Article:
Heart attack patients have reportedly been told to ‘get a lift’ to hospital as the NHS braces itself for a “tsunami of Omicron cases”.
The omicron coronavirus variant is spreading rapidly across the UK and reportedly patients have been asked to make their own way to the hospital as ambulance waits could hit two hours.
Dr Sakthi Karunanithi the Public health director for Lancashire commented on the rising number of cases. Dr Karunanithi said: “We are bracing ourselves for a tsunami of Omicron cases.
“We are seeing a shift from 20s and 30s and 40-year-olds being affected by Omicron to a more 60-plus age group. And that is causing us concern as well as staff absence.
“Lancashire is beginning to experience what London did at the beginning of last month and, of course, London is better resourced and well organised compared to other regions.”
The Royal Lancaster Infirmary is already running at 100 per cent capacity. A staff member revealed: “The hospital is full. We are running at 100% capacity. It is a case of one out, one in.
“As soon as a bed is free there is someone waiting to take that bed.
“Some care homes also have problems with staff sickness. The whole system is struggling.”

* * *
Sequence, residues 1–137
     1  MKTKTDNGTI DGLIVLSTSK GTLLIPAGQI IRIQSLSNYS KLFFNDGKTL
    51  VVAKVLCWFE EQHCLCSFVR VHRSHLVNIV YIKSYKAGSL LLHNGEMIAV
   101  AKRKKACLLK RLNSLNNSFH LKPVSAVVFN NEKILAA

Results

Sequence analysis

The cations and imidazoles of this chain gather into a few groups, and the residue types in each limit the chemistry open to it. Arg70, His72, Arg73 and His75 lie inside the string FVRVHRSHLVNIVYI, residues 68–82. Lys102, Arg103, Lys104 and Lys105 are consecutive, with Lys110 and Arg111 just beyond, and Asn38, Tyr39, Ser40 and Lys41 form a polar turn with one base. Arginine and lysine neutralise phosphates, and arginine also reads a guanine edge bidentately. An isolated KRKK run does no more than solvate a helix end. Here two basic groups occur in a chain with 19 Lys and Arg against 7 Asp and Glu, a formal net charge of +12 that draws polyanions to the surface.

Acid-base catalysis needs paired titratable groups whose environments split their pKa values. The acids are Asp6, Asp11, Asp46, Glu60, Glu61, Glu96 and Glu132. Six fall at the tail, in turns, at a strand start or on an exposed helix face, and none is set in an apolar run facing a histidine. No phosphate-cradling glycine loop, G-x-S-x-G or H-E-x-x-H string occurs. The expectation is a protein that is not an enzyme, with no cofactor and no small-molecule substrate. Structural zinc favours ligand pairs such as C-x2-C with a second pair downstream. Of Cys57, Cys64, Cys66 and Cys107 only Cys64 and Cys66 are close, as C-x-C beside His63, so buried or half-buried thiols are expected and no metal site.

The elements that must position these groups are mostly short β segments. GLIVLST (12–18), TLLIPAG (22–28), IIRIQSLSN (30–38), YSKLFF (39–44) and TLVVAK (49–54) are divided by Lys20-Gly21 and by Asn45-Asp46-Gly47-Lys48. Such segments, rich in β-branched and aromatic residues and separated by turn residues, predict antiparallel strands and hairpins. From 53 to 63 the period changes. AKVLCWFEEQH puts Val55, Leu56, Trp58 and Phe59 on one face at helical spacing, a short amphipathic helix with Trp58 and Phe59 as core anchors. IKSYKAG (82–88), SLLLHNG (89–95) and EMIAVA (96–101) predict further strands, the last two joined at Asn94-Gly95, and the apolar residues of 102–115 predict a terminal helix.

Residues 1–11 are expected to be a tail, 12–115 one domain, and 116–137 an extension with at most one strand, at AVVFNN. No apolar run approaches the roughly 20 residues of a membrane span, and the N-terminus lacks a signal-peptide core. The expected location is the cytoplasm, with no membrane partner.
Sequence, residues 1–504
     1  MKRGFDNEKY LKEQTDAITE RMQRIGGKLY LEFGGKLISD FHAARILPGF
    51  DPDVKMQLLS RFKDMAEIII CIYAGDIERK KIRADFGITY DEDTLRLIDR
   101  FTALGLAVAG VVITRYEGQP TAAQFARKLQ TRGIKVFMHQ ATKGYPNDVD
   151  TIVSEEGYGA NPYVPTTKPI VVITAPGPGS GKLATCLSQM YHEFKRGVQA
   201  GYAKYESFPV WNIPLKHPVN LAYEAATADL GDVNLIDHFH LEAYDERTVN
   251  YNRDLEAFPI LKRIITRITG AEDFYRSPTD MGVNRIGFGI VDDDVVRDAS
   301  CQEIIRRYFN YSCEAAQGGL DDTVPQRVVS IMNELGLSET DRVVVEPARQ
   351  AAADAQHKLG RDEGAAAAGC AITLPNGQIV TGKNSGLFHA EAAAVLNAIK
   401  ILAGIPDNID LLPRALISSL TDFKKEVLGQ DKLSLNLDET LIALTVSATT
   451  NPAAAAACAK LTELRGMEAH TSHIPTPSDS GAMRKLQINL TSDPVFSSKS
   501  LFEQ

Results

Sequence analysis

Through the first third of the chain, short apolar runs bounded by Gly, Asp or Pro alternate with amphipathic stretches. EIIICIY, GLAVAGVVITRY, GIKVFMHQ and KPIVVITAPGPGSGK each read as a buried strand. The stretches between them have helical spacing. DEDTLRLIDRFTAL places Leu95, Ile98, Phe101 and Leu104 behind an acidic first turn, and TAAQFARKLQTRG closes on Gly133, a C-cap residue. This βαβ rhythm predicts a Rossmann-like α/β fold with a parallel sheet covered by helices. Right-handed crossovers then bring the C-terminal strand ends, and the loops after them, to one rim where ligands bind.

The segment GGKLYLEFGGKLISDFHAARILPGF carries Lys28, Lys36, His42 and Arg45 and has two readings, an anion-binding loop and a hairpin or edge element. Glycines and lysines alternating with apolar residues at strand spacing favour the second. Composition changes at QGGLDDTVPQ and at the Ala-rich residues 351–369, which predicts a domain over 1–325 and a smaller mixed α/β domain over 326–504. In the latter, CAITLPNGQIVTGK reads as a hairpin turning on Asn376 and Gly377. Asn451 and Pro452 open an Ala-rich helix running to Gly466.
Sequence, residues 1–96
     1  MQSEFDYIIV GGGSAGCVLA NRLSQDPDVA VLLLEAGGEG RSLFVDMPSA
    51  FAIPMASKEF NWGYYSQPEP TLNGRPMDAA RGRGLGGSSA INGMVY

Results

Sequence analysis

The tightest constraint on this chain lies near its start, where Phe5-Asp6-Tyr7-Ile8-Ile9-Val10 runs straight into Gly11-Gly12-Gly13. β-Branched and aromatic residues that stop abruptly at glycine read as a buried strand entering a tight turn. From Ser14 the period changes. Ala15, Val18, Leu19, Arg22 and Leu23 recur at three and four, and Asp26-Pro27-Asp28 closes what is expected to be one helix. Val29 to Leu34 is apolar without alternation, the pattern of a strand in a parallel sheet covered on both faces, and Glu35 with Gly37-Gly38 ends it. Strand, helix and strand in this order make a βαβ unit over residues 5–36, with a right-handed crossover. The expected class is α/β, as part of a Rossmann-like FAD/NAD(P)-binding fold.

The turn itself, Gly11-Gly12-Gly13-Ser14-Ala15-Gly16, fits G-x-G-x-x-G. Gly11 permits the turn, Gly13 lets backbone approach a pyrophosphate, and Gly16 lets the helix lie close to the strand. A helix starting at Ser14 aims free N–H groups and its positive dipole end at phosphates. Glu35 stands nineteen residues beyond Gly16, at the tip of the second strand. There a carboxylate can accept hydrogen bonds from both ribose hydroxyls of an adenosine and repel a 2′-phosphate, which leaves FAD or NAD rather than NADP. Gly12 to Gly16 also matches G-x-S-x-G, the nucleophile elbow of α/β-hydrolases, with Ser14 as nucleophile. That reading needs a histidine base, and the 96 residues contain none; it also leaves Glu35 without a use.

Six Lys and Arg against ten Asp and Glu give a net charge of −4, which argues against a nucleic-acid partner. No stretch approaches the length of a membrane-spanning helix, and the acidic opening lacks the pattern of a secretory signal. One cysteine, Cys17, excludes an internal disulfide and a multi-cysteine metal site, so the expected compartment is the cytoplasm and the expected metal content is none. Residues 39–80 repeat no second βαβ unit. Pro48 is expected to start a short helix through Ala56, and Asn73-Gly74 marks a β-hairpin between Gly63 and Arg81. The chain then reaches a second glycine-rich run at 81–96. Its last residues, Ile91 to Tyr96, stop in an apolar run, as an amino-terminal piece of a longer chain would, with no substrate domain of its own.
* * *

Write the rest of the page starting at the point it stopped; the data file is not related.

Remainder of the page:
In a note seen by the Health Service Journal, call handlers were reportedly asked to “consider asking the patient to be transported by friends or family”.
North East ambulance director Mathew Beattie commented on the mounting pressures on the ambulance service. He said: “Since Christmas Eve, we’ve seen a 141% increase in Covid absences from 108 to 261; and an overall sickness absence of 18% across all areas of the ambulance service.
“Traditionally New Year’s Eve and New Year’s Day are the busiest time for our service, but this year was the most challenging yet – taking 6,754 emergency 999 calls and 18,859 NHS111 calls over the course of the weekend.
“Patient safety is our top priority and the impact of increased activity and staff sickness, linked to the Omicron virus, meant that we needed to act to protect our response to the critically unwell.
“We are experiencing long waits within the dispatch and clinician stacks coupled with delays in handover of patients at hospital which reflects the pressures being felt across other parts of the system.
“As a result, we implemented measures from the highest level of our clinical escalation plan on Friday 31 December to avoid a further deterioration of response times for patients and minimise the risk and harm being caused to life-threatened patients.”
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